[NOTE: This article is an introductory overview of a more in-depth series on the influencers, events, and locations that shaped the skate movement of downtown-Los Angeles proper. Each Friday morning, we will release a new article in this 10 part series.]
DOWNTOWN LOS ANGELES SKATE HISTORY 101
For a century, The western front of the San Gabriel Mountains guarded Hollywood’s purity; and force-funneled the nation’s railroads into a central endpoint (what built-up to the original city-center of “downtown” Los Angeles). Yet sometime around the mid-1970s, the eastern ridge of the range revolted. At its basin-- a largely untapped vast, hot and desolate dell dubbed “the Valley”. But, as more industry developed in the city-center of downtown LA, the regional basin of the San Fernando Valley was recognized by real estate and railroad tycoons as a cheap land acquisition; and sold as a quiet, clean homestead to the overcrowded city-center’s middle-class workforce. Pacific Electric's light rail transit system of "redcars" (owned by the very developers selling suburbia), was the most convenient selling point.
To make a long story short (--too late), the upward mobility of the downtown-economy rode out on the last redcar from the Subway Terminal building, before it was locked up and left in ruins. All those light rail and railroad tracks were ripped out to create freeway system for our own private cars.
With the loss of urban Los Angeles' apparel, toys, and railroad manufacturing jobs, the "big Valley's" rolling acres and breathing room morphed into low-rent stripmalls and non-descript warehouses. Turns out: the “breathing room” we longed for in our big fat American cars, offered air that suffocated us. The suburban car culture gave us good excuses for bad drive-thru food, and conditioned us to accept miles of confined isolation.
(Above: North Hollywood, CA - SoCal Suburban Sprawl. Note the residences on the right, abutting desolate industrial zones. Interestingly enough, the center median landstrip was most likely mass transit RedCar and/or Southern Pacific Railroad tracks, as is the case with many such median strips or "side by side" roadways as seen today in Los Angeles)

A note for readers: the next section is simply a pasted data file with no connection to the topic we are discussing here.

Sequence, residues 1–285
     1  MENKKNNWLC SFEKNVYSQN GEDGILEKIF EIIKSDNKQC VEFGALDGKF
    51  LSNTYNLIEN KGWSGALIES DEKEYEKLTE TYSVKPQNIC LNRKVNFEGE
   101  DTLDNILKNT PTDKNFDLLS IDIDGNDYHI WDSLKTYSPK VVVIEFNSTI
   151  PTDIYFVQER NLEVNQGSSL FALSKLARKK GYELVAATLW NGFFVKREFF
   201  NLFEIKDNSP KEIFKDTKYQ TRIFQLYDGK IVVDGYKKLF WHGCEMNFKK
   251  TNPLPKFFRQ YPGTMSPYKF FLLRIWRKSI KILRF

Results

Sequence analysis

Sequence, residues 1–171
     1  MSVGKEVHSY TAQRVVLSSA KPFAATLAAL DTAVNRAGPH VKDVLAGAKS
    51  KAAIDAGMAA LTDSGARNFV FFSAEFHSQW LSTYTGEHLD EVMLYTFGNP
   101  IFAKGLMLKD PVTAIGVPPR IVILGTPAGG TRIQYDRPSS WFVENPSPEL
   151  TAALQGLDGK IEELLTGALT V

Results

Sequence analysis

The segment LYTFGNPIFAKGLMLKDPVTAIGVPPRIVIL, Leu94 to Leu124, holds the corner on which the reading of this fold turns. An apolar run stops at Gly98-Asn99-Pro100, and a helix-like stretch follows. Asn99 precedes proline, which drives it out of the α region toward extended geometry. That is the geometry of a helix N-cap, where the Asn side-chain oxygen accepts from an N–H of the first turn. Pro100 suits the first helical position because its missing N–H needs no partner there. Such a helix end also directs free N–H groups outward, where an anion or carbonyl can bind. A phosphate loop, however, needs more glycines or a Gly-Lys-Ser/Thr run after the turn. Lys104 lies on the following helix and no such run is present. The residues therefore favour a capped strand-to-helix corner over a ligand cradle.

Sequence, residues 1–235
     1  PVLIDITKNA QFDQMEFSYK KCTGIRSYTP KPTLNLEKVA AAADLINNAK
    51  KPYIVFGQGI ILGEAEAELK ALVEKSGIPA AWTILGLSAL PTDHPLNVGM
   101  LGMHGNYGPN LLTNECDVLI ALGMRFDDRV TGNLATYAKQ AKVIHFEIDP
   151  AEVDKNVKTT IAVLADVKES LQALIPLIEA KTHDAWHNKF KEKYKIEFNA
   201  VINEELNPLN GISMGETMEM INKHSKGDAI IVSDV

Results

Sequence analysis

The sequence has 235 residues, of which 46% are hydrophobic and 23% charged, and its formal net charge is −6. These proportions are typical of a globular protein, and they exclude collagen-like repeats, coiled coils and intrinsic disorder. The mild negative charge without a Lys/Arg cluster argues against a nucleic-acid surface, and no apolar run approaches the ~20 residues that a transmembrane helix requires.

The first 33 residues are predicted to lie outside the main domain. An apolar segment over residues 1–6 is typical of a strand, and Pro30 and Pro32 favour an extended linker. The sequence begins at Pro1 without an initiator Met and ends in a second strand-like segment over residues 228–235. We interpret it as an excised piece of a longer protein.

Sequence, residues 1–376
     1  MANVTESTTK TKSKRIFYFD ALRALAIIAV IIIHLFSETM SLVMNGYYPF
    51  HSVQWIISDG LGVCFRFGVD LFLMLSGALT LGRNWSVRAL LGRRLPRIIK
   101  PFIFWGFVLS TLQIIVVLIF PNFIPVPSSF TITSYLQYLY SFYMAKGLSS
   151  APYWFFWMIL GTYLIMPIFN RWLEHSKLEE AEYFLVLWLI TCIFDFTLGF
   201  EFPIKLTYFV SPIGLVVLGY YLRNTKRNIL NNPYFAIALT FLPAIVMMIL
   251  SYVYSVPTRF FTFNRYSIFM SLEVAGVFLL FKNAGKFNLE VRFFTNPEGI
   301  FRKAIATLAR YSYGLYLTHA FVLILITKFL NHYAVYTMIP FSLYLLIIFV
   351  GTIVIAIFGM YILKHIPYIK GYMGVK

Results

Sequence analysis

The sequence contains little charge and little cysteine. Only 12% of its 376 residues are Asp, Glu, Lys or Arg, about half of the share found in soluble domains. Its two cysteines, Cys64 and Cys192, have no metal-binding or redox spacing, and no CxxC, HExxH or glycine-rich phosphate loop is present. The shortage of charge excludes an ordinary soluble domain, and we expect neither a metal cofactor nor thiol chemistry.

But lest we get too down on SoCal suburbia: let us be reminded of all things good born of Southern California's “Valley” lifestyle. Aside from birthing skateboard-culture, the endless blocks of vacant, windowless warehouses, cheap rents, industrial zoning laws, and an army of unemployed Hollywood technicians and actors manufactured America’s Golden Age of Porn. (But THAT is a story for ANOTHER time.)
Sunny SoCal Suburban livin' necessitated schools, playgrounds, parks, and swimming pools for a new generation of families defining Southern California suburbia in its infancy. Stifling summer droughts, teenage boredom, and gasoline rations may be to blame-- but somewhere in that cultural Cuisinart, Skateboard Culture was created.
Through the late-1980s, the Valley's empty “parks” (flat open lots of land zoned as-such), strip mall parking lots, and dried-up swimming pools perfected the art of skateboard sport. Into the 1990’s, much of DOWNTOWN LOS ANGELES was just the rusted wheel hub at the center of SoCal skate culture.
(Above: One of photographer Hugh Holland''s many still-lifes documenting the birth of skateboard culture-- in suburban California-- in a series of works titled "Locals Only" ,1975.)
But, for reasons varied and many, downtown LA's long-abandoned railroad yards, convention centers, monuments and museums, have been re-discovered urban oases (--yes, it’s a word--) for the suburban skate homie living life in the big city. Beyond the USC Ledges and The LA Public Library, there is much much more. The notoriety of skate-films like "We Are Blood" and Brian Lott’s “First and Hope”, and countless amateur skate-film Youtube “auteurs” have put downtown Los Angeles on the map as a skate institution all its own. Thrasher culture has repurposed South Park’s warehouse ledges, the LA Public Library plaza, and even the Disney Concert Hall.
(Above: Still from "We Are Blood", Ty Evans. Photo: Vimooz.com)
Now then: should you wish to take a tour-- Beware of security guards, “Private Property” postings, used syringes, and broken glass—the usual physical challenges associated with the Hollywood High School stairs. Further, many of these are very public venues. Hence, you can only really get away with minimal quality skate-time, unless you're around on a sleepy Sunday afternoon. So, don't be an asshole and ruin it for the rest of us by vandalizing, littering, and/or starting shit. And please don’t take this list as anything more than our own personal favorites. If you have more gems in the 213 we should feature, please hit us up at Info@RedCar7.com.
By the by: photos we didn't take are the copyrighted property of those credited. No copyright infringement or royalty-free use is intended.)
1. Disney Concert Hall
Bloomberg.com, photo credit
2. Bunker Hill Plaza Stairs
3. 1122 San Julian Street Warehouse
LA Conservancy, photo credit
4. Civic Center Plaza
unknown photo credit
5. Pershing Square
photo credit unknown
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